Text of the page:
Archive for June, 2008

Adobe Announces Acrobat 9

June 11, 2008  (Jeffrey Kabbe)

Last week Adobe announced Acrobat 9 and made it available for preorder. There will be three versions of Acrobat 9: Standard, Pro, and Pro Extended. Of these, only Pro appears to be available for Mac OS X. Many of the new features of Acrobat 9 focus on interactivity and multimedia. For example, Acrobat 9 will support embedded Flash content. Acrobat 9 Pro Extended allows you to add video, audio, demos, and more to Microsoft Powerpoint presentations. The big hook for lawyers using Acrobat is the idea of the paperless office. Acrobat 9 does add a few features that should help small businesses work without paper:

  • Create a PDF from the contents of the clipboard
  • Create a PDF from a portion of a webpage, keeping links and interactive content intact (unfortunately, this feature is for Windows and IE only)
  • Compare PDFs and highlight the differences
  • Combine multiple documents into a single PDF Portfolio
  • Create forms and track responses online at
  • Collaborate on a document using
  • Encrypt documents with 256-bit encryption

None of these are “must have” features in my mind. Everything except PDF comparisons can be done adequately in other ways. Still, having a single integrated tool is nice (instead of, for example, having to run PGP for encryption or send multiple documents in a zip file instead of a PDF portfolio).

iPhone Apps Are Coming!

June 10, 2008  (Jeffrey Kabbe)

With iPhone 2.0 right around the corner, details are starting to emerge about some of the iPhone applications we can expect to see. Leading off the list is mobile NetNewsWire. I am a little disappointed to not see Apple Briefs in their screenshots. But at least now I know I am not the only one who checks in every day to see how the lolcats are doing. Some GTD-goodness is headed to your iPhone soon via Things and OmniFocus. OmniFocus seems to be a little farther along – The Omni Group has a teaser page up complete with screenshots. Those pencil drawings of Things look pretty good, though (and I really like the idea of using stencils to plan an iPhone app).

WWDC Keynote: A Late Bloomer

June 10, 2008  (Jeffrey Kabbe)

The WWDC keynote speech started pretty slowly. Most of the first hour was devoted to things that:

  1. Only a developer would care about (which makes sense consider the venue, but still); and
  2. We already knew

To be more precise, the first hour of the keynote was spent on iPhone 2.0, the upgrade to the software of the iPhone and iPod Touch. Some interesting third-party applications were previewed, but nothing show-stopping. We did learn that the iPhone will support the viewing of Microsoft Office documents. That’s about all I took away from the first hour as a business user.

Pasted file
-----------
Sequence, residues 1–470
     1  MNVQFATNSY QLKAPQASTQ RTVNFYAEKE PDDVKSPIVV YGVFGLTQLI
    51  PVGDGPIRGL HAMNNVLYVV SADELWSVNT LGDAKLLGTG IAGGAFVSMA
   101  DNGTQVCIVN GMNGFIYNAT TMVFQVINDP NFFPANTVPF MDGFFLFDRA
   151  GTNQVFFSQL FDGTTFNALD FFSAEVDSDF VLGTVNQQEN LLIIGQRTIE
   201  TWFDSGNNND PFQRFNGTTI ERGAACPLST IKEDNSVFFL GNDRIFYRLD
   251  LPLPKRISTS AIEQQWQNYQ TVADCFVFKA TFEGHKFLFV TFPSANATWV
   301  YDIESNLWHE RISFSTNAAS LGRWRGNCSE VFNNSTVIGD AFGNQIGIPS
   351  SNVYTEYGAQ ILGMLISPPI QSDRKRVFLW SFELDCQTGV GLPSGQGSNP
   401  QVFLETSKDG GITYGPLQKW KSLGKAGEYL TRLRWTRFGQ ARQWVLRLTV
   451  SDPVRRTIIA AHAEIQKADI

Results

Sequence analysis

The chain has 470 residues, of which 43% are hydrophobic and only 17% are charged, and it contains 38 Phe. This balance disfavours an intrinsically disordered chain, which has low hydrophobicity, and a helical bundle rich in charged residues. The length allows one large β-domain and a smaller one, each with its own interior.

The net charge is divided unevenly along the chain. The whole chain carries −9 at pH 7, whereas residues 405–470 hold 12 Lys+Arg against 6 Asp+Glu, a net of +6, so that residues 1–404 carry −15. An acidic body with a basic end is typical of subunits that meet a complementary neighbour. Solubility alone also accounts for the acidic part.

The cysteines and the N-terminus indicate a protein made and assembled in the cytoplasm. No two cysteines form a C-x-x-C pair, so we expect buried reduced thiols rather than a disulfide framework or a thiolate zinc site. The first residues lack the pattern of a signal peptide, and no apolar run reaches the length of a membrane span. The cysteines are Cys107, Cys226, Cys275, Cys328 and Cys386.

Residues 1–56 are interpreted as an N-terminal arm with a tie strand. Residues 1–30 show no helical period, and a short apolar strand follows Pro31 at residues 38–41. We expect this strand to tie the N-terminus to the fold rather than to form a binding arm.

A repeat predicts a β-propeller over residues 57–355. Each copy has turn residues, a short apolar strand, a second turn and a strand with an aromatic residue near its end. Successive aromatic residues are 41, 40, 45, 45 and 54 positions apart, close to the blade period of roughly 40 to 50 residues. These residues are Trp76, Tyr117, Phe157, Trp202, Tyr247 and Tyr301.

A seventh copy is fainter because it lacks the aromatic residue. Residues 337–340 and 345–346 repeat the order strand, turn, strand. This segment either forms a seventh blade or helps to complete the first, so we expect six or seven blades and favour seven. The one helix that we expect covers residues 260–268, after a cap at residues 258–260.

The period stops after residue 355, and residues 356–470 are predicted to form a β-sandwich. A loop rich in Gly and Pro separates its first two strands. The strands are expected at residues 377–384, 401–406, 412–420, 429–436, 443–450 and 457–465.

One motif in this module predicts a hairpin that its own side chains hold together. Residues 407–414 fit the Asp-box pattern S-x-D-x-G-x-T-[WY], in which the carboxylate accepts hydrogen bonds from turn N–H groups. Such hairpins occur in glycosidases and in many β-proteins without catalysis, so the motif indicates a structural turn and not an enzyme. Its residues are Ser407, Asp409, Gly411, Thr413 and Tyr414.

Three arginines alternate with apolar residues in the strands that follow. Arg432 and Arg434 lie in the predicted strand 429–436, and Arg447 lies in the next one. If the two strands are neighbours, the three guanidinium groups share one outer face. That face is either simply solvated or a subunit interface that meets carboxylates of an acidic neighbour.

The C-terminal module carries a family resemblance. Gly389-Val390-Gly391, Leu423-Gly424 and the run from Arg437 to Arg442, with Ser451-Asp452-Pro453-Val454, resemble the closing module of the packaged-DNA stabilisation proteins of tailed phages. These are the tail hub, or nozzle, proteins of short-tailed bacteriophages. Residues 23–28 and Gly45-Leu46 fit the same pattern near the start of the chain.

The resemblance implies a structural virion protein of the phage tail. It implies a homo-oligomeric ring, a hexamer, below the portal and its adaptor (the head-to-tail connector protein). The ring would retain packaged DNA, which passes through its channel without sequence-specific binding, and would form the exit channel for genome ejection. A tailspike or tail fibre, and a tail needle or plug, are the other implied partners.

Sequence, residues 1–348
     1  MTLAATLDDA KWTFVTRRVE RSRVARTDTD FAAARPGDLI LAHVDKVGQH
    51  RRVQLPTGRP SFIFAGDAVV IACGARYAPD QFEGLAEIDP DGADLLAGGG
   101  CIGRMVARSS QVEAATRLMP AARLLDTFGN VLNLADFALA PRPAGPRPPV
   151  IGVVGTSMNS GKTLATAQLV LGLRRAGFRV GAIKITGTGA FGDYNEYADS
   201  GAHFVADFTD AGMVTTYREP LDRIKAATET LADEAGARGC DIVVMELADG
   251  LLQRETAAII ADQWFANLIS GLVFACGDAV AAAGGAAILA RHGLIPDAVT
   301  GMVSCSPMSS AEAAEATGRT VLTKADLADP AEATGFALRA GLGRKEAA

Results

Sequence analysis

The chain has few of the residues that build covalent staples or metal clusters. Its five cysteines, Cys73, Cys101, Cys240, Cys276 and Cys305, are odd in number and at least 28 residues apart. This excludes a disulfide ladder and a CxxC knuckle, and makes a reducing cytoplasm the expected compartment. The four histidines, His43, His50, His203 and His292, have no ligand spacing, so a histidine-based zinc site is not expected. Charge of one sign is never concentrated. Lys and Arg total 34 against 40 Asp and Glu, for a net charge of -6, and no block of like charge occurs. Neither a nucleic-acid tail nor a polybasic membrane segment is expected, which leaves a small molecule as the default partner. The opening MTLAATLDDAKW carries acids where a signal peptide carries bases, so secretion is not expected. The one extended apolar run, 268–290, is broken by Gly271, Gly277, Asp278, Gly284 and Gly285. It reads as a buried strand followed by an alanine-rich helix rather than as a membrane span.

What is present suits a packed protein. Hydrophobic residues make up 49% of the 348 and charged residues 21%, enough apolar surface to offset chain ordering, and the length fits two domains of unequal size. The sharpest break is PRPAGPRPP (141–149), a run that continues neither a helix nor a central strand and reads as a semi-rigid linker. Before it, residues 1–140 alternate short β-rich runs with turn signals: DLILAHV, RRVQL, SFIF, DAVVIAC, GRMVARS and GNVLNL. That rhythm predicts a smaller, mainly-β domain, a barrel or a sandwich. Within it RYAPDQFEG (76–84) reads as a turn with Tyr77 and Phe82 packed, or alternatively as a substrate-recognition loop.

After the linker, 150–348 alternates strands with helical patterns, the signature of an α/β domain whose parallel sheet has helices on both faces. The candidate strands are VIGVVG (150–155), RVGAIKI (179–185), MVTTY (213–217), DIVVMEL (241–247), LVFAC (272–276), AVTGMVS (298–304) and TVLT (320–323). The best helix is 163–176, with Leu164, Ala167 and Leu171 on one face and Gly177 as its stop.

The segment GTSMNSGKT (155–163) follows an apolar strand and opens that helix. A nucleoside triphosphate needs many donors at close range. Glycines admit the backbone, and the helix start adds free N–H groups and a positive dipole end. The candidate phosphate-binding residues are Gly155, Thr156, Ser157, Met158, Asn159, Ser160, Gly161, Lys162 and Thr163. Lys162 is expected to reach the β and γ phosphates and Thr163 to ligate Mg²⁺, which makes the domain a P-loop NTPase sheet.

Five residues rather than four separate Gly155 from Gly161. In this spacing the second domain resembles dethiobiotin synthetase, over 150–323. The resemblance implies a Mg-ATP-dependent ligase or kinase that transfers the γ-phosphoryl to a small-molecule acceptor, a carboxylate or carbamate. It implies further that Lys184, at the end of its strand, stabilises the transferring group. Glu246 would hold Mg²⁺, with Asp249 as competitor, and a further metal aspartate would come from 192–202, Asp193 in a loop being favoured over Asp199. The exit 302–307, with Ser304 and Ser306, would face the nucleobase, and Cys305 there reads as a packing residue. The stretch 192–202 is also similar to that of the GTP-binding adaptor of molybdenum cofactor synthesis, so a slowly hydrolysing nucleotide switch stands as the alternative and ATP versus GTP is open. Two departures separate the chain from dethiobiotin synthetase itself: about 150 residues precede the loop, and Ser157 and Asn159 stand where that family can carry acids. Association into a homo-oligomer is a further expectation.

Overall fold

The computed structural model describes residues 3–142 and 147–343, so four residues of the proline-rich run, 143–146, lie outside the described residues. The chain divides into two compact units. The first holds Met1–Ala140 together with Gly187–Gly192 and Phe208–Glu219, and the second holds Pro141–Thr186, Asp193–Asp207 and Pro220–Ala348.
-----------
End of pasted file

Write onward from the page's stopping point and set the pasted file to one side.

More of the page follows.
The new product announcements arrived about an hour into the keynote. They went pretty much according to the script too. Let’s take a look:

3G iPhone

There were plenty of (often contradictory) rumors swirling about the 3G iPhone. So what does the new iPhone have?

  • 3G for faster downloads
  • GPS
  • More battery life
  • A thinner body
  • A lower price (16GB for $299, 8 GB for $199)

Apple has posted the full specifications for the new iPhone on its website. If you took all of the rumored improvements and new features (with one exception), you would basically have the 3G iPhone. The one thing missing was a video camera for video iChat, but that rumor didn’t have a lot of credibility behind it. The new iPhones are nice, but I am not overcome with jealousy and feelings of obsoleteness yet.


MobileMe replaces the venerable and much-maligned .Mac service. MobileMe brings with it new web applications called Mail, Contacts, Calendar, Gallery, and iDisk. Each does pretty much what you would expect based on the name. MobileMe also brings with it push email, contacts, and calendar to the iPhone. Apart from MobileMe, the only way to get the push experience on your iPhone is to use Microsoft Exchange. MobileMe brings push down into the realm of home users. I am hopeful that a future release of Mac OS X Server will allow for push service to iPhones without using either Microsoft Exchange or a email address.

A handful of resourceful people were able to figure out most of this last week. But it’s still nice to get the official word from Apple and see the demo. The announcement wasn’t all happiness though. With the transition to MobileMe, Apple will be removing its iCard service and web access to Safari bookmarks. I did not use the bookmark feature, but I often used the .Mac iCards because I found them much nicer (read: less tacky) than many of the other services out there. At least I get to keep my email address.

Mac OS X 10.6 Snow Leopard